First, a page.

• Join over 1.2 million students every month
  • Accelerate your learning by 29%
  • Unlimited access from just £6.99 per month

Investigate a factor that influences the rate of decomposition of Hydrogen Peroxide (solution) H2O2 (aq)

Extracts from this document...

Introduction

Investigate a factor that influences the rate of decomposition of Hydrogen Peroxide (solution) H2O2 (aq) PLANNING Hypothesis The higher the temperature, the faster the rate of decomposition of hydrogen peroxide (H2O2). Before I can look at factors that will affect the rate of decomposition of Hydrogen Peroxide (H2O2), I have to consider that on its own hydrogen peroxide' will not decompose to produce oxygen and water as a result at room temperature. Hydrogen peroxide --> oxygen + water 2H2O2 (aq) O2 (g) 2H2O2 (l) This equation shows the decomposition of hydrogen peroxide. From doing my experiment I will be testing to see if either oxygen or water was present at the end. This will help me see if I concocted the experiment correctly. In order to speed up the reaction so that it is fast enough for me to be able to measure the rate of decomposition at room temperature in a given time, a catalyst will be added. This catalyst is called Manganese(IV) oxide. This catalyst is a substance which will speed up the decomposition of H2O2. However, the catalyst itself does not take part in the reaction, and is not used up; therefore after the reaction has taken place the same amount of catalyst that was added will remain. The catalyst works by providing a convenient surface for the reaction to occur. This then means that the particles collide more frequently with each other and so more collisions results in more bonds breaking which leads to a reaction between particles. ...read more.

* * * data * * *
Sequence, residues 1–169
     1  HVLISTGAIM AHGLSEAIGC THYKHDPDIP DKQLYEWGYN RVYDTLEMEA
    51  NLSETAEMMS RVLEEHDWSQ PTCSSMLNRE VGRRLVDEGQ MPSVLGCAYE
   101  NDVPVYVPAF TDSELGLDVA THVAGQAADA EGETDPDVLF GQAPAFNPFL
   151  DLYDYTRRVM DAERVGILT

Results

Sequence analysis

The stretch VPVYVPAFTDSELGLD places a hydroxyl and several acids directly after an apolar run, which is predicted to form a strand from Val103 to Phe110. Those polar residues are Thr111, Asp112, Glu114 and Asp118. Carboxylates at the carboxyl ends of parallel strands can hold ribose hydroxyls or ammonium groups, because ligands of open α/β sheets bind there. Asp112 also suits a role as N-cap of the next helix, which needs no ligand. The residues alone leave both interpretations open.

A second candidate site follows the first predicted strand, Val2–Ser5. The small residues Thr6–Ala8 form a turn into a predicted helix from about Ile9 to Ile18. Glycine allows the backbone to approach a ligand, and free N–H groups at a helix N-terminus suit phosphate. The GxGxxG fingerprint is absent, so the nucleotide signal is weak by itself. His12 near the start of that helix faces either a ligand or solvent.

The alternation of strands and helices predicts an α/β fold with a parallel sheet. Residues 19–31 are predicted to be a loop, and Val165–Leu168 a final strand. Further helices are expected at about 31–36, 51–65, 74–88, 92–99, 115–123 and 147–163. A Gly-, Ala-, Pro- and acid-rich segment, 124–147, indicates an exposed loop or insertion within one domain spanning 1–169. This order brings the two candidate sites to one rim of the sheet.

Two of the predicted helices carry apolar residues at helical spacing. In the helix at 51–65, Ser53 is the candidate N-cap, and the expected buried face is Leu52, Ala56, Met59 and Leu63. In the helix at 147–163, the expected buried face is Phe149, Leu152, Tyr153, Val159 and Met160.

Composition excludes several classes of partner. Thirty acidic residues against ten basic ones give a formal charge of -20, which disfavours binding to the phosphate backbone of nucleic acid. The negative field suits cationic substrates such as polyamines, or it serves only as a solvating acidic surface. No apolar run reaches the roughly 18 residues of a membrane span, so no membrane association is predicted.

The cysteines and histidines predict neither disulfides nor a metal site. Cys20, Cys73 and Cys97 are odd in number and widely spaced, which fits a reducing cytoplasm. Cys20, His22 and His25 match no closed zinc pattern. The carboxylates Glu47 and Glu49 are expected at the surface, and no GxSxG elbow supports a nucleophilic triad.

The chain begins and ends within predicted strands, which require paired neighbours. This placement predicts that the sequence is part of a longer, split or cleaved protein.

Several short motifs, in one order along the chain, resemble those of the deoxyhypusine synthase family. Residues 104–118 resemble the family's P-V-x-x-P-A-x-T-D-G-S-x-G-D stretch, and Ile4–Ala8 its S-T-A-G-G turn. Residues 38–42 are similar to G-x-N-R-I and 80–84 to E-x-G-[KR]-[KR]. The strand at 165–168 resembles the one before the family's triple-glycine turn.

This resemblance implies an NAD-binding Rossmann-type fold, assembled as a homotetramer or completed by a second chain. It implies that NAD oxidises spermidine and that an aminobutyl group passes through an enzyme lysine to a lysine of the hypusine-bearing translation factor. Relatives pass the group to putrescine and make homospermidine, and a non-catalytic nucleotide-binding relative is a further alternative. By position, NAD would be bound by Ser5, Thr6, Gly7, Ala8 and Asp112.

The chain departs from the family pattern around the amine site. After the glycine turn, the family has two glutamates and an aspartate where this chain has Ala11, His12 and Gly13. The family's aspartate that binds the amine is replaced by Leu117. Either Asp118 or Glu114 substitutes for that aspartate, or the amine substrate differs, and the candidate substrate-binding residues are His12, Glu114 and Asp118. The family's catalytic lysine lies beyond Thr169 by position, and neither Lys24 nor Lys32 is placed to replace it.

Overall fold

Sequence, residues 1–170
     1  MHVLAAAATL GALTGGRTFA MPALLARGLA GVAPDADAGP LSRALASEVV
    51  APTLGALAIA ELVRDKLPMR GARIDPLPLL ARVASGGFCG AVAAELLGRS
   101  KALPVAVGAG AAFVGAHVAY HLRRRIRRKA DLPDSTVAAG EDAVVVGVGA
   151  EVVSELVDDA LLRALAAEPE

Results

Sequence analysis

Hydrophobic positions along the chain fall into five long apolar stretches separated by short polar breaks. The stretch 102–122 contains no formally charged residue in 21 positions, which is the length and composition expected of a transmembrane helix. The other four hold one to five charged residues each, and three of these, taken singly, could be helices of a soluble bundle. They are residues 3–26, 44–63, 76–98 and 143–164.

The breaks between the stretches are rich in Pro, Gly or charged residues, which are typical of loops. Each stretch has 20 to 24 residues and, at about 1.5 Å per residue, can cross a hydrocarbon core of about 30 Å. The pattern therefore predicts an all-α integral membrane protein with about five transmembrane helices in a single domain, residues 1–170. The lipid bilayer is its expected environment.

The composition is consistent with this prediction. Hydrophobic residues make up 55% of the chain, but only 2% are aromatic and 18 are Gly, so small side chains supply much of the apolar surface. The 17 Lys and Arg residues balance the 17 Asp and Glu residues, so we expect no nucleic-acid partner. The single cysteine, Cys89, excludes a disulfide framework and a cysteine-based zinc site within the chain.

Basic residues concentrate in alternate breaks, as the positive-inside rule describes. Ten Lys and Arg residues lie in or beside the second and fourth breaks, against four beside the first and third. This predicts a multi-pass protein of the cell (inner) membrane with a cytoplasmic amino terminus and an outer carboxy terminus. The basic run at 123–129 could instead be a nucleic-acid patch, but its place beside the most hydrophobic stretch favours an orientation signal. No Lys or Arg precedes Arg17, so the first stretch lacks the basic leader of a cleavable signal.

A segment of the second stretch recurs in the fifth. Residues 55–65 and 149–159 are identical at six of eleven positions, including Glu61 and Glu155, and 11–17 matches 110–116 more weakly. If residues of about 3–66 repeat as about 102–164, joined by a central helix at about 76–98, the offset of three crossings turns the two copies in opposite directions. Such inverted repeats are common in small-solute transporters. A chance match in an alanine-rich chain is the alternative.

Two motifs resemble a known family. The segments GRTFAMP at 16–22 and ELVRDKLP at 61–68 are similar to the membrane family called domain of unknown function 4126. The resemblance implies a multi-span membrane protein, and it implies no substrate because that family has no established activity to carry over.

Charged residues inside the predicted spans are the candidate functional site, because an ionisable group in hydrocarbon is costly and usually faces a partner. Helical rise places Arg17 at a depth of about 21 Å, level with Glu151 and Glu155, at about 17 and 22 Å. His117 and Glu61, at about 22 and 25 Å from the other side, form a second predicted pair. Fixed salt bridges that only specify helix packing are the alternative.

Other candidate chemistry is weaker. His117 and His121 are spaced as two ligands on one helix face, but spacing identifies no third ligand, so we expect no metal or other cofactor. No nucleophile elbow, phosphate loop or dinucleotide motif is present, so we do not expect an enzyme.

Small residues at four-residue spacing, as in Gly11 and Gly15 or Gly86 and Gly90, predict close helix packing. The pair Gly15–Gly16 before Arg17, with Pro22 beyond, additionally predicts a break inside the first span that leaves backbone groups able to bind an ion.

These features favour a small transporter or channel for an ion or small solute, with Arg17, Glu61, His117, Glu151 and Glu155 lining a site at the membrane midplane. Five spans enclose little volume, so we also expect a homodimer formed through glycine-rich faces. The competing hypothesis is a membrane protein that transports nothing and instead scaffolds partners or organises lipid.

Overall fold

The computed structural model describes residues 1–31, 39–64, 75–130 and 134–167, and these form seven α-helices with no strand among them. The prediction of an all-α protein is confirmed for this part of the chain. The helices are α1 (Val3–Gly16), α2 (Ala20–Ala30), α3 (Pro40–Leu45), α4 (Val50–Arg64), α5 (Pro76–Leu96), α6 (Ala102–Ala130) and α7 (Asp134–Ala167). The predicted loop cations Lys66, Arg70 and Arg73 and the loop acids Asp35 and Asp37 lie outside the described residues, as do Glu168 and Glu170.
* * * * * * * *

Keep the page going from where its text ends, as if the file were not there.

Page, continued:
Middle

5 20 25 0.5 33 5 40 25 0.5 43 5 Not completed 25 0.5 53 5 91 From this second set of preliminary experiments I found out the right amounts that I wanted to use, which are now stated in the method that I used. List of apparatus I am going to use * 250cm� of Hydrogen peroxide * 5g of Manganese(IV) oxide * 5 boiling tubes + rack * 5 weighing boats * Gas syringe + clamp and stand * Bunsen burner * Thermometer * Stopwatch Method * I am going to first set up my gas syringe by clamping it, because it will be a lot easier to place the bung on after adding the manganese(IV) oxide. * I am then going to measure out 25cm� of hydrogen peroxide into 5 boiling tubes each, and set them in a rack. * I will then measure out 0.5g of manganese(IV) oxide into five weighing boats, one to add to each test tube of solution. * I will then light my Bunsen burner and collect a stopwatch. * I will then take a thermometer and record the room temperature of the solution. I will add in the manganese (IV) oxide and place the bung from the gas syringe on and start the stop watch. Whilst this is going on I will shake the contents of the boiling tube, as the reaction will only occur on the surface. This would produce unreliable results, as not a lot of gas may be given off and so the catalyst needs to work with all the hydrogen peroxide, for this to work fairly. ...read more.